Fudge and Toolum

Proud to make fudge and toolum

By Annisa Phillip. I was spending some time with my friend and her family one day when her pregnancy cravings kicked in. “I feeling for toolum,” my friend reported.

“Eeww. I never was fond of toolum.”

“Let’s make some nah!”

That statement was replied to with a stare as if to ask, “Are you mad?” My verbal response which followed was that I did not know how to make it. Quite frankly, it is not something I wanted to know how to make. Why should I when I don’t like the thing? Despite my protest my friend insisted that “we” should make it. Well, we are in the technological age so that is where “we” turned for directions. Let me just say for clarification that “we” was really me.

We all know that when it comes to finding information via the internet Google is our one stop shop. So, I learnt to make a local food from the internet. That is actually a bit sad but we will soon get to that. Thankfully for us we had everything we needed. I can’t remember the last time that I actually grated a coconut… with a grater.


“I never was fond of toolum.”

Anyway, so while making toolum for my friend she gets excited and says that “we” should also make fudge and assures me that she has all the necessary ingredients. I, of course made some smart remarks in response. I have seen my grandmother make fudge but was never privy to the entire process.

So again, I turned to Google. The fudge was a great hit, and I had to ignore requests for “me” to make more. I only got a taste of it because when I brought my share home it was practically stolen. The toolum was also pretty good and I surprisingly liked it even though I didn’t before. Nonetheless, it truly is wonderful when people enjoy what you make.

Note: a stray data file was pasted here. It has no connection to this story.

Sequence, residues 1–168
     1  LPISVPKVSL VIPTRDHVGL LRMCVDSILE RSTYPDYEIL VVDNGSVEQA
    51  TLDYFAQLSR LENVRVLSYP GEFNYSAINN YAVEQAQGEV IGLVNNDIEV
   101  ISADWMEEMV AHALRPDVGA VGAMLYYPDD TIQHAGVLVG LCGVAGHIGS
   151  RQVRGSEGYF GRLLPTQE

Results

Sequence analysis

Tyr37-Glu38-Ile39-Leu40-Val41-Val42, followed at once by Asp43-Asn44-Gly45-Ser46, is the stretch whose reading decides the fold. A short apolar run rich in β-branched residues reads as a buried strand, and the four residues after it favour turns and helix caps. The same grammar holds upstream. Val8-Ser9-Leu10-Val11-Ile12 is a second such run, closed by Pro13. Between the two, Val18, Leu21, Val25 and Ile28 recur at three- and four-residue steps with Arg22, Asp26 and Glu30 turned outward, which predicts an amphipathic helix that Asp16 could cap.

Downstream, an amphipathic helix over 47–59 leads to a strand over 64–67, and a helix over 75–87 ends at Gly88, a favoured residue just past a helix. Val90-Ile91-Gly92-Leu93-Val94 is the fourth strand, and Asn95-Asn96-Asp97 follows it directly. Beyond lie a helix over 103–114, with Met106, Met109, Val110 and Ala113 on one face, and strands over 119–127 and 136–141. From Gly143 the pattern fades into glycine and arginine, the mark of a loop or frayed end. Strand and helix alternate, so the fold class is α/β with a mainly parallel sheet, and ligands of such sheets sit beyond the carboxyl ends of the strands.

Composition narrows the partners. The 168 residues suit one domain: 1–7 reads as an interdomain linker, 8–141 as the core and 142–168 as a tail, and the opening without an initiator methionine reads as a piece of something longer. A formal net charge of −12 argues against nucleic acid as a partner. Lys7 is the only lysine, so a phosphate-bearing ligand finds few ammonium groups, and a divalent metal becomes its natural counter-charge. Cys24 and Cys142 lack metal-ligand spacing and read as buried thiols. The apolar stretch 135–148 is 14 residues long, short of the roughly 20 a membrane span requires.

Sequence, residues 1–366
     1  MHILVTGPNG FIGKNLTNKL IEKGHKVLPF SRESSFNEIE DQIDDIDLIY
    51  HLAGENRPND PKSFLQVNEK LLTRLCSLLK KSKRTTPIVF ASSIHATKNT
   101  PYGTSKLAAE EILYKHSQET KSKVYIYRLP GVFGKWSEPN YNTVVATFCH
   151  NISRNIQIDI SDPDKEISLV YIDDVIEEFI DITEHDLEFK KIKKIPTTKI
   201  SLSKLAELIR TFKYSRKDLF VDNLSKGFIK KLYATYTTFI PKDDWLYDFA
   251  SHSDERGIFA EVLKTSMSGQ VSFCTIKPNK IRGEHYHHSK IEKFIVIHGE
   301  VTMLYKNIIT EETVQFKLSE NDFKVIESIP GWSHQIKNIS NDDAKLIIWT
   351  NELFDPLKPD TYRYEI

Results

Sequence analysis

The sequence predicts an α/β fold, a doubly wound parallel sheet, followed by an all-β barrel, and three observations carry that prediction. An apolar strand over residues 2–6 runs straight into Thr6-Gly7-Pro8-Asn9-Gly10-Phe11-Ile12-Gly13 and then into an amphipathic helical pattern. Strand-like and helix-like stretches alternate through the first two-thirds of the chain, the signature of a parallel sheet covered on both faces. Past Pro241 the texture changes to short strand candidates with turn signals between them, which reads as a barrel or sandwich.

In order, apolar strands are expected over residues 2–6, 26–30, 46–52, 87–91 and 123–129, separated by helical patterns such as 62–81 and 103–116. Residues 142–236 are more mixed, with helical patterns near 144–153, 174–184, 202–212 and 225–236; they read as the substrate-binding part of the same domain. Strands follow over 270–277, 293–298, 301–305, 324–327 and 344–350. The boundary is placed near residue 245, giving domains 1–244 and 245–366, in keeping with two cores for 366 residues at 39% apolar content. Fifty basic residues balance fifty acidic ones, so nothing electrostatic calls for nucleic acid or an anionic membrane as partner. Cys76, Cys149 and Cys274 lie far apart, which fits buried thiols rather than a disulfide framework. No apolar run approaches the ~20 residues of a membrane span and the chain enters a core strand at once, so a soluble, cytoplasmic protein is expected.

I am very grateful to the Trini cooking website available online that affords us the opportunity to make culinary favourites that we love but either forgot or never knew how to make.

However, it is unfortunate that a stranger’s post on the internet was the way I learnt to make something that was once passed to younger generations from family members.

Google taught me how to make fudge and toolum … I don’t know if I should be proud or embarrassed.

Either way, I must admit that it was indeed a fun evening and I now know how to make toolum (who still eats that anyway?) and fudge.

October 2015 – Issue 18    www.sweettntmagazine.com

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